Additionally there is currently coagulant (Chemsolv US9080) that is added between the Anaerobic Digesters and the Aeration tank. The City currently adds this to improve settling in the clarifiers. On Friday August 28th, 2020, the coagulant was temporarily turned off to see what impact it had on the pilot units. Both pilots were able to operate at a similar TSS removal rates without the coagulant than with it. However, since coagulant operators on a micro level, and polymer operates on a macro level, smaller fine particles of TSS were noticed in the effluent compared to effluent without the coagulant. These additional fine particles however were not enough to influence the TSS removal efficiency as can be seen on the TSS values for this day. Barring other plant operational issues, we believe that the coagulant can be removed from future DAF/SAF operation.
The performance of the two pilot systems can be determined by comparing the TSS in effluent (percent of the total solids removed) as well as the degree of thickening obtained. Additionally, testing results were included for common parameters, such as phosphorus, total Kjeldahl Nitrogen (TKN), BOD5, ammonia (NH3), and pH.
4.2.1 TSS Performance
Table 2 summarizes the TSS performance. The SAF resulted in better TSS performance. Figure 1 presents the plot of the influent and effluent TSS concentrations. Typically DAF’s would provide between 90-99% solids removal. Both pilot units were able to achieve this on average, but the DAF did not achieve this at all times.
The DAF TSS performance is heavily influenced by three samples with high TSS (greater than 850 mg/L). Because of the way sampling was conducted, SEH believes that these high values are representative of the variation that the full-scale system might see resulting from system adjustments that are required as influent characteristics change. Sampling for the DAF did not start until Wednesday 8/19 of the pilot, which prior to this, the system was struggling with start- up/pilot challenges of getting all the equipment to work and finding the right polymer. Additionally, samples were generally not collected at times when the DAF pilot was temporarily not performing well.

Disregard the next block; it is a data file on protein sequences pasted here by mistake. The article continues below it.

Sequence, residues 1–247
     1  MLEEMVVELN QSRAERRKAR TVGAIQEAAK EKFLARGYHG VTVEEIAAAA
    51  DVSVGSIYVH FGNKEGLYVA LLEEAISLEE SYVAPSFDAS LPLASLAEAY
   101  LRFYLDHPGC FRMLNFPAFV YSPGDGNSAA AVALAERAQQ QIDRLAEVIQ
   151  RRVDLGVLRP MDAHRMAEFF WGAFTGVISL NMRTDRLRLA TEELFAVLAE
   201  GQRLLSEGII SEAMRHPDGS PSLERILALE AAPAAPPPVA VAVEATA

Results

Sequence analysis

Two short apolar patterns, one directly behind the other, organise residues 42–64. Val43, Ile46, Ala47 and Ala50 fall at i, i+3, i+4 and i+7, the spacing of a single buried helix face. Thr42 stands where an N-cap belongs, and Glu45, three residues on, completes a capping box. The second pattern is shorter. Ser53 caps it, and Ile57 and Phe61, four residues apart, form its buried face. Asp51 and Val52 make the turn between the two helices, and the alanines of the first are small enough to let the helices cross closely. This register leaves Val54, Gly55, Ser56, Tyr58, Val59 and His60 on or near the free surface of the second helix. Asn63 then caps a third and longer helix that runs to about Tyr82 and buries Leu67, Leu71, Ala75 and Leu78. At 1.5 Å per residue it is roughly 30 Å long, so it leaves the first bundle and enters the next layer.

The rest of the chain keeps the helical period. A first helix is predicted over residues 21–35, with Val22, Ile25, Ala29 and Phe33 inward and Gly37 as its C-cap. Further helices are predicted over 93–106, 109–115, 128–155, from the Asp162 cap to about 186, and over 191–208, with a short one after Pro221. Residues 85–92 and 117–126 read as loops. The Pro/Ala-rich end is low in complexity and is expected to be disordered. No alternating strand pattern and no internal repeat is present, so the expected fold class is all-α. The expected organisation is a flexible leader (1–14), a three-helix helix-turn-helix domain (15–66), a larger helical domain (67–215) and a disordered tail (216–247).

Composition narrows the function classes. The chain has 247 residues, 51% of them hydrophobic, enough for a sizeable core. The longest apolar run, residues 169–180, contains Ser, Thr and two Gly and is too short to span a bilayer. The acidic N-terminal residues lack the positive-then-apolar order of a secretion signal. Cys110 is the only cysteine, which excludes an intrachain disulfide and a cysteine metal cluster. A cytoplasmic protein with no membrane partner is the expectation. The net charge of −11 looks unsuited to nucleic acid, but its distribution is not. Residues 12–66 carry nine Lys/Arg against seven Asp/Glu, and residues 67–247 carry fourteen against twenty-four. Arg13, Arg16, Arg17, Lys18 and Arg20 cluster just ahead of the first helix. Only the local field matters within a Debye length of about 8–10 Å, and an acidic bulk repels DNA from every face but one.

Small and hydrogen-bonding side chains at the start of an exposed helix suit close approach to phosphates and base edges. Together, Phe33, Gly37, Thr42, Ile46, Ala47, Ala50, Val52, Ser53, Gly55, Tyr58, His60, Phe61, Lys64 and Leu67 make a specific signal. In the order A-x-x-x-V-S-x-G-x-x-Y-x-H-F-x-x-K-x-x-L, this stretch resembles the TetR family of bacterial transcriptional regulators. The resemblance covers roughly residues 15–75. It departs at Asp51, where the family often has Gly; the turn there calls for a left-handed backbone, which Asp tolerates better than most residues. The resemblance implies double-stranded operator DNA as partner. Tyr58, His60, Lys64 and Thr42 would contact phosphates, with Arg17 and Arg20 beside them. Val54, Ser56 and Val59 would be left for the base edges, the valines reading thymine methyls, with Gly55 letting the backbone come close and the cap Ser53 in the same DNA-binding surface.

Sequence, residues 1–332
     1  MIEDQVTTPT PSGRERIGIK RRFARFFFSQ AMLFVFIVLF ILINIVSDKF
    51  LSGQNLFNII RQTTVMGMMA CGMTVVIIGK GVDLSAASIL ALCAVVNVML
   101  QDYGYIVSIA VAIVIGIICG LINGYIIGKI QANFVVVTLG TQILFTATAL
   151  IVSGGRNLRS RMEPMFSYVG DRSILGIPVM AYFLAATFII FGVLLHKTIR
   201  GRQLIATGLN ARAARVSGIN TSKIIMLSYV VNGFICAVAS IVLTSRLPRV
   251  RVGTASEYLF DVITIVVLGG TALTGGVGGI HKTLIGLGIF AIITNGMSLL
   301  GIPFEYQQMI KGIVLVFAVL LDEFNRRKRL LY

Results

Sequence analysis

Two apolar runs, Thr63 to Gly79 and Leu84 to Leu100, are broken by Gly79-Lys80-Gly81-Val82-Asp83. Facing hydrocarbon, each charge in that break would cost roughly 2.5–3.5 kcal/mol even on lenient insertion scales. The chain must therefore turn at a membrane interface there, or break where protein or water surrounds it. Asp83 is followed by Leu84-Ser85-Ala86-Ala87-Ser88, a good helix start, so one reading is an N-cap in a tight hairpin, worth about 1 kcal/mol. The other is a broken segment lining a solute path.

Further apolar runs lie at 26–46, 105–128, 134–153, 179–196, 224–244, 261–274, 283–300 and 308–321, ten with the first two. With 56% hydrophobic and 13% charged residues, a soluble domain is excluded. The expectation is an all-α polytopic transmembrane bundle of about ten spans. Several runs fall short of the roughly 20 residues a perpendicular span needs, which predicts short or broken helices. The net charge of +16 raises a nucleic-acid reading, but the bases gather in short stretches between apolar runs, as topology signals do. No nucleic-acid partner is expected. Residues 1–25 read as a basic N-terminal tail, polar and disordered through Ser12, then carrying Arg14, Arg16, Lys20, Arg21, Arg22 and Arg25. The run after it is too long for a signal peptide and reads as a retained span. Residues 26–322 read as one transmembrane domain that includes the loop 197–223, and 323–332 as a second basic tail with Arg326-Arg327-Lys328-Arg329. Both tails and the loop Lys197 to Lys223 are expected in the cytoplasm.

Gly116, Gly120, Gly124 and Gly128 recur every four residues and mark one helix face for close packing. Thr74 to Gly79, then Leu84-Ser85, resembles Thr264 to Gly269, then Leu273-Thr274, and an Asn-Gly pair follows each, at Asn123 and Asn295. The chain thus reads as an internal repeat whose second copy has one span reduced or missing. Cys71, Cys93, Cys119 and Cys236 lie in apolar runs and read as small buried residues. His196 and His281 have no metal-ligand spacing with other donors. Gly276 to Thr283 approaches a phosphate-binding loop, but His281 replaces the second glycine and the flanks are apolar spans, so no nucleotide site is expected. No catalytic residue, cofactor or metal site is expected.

The SAF had a two samples where the effluent TSS concentration was elevated, though not to the degree of the DAF (178 and 194 mg/L). Even with these higher concentrations, the SAF was still removing greater than 96% of the solids, which is well within the expected range for DAF systems.
4.2.2 Thickened Sludge Performance
Another important performance measure for a separation system is the thickened solids concentration. The current separators achieve approximately 0.75 – 1% thickened solids. As a result, a large volume must be returned to the digesters to return the mass of solids required. The flotation technologies produce a thicker solids product, which means a much smaller volume of solids (though the same mass) returns to the digesters. This offers a number of benefits, including reduced pumping costs and improved treatment performance by having better control over the solids retention time (SRT) in the digesters.
Table 3 compares the thickening performance of the two pilot units. The two units performed equally well in this regard.
4.2.3 Other Performance Factors
Other parameters were monitored to see if there were differences between the technologies, but also to help characterize the anticipated effluent from the separator technology for considering the design of downstream processes. Table 4 summarizes the results of these other parameters. Generally, the two systems performed very similarly with respect to these additional parameters. The SAF had effluent quality that was marginally better, but as it relates to operation and design, the difference is not relevant.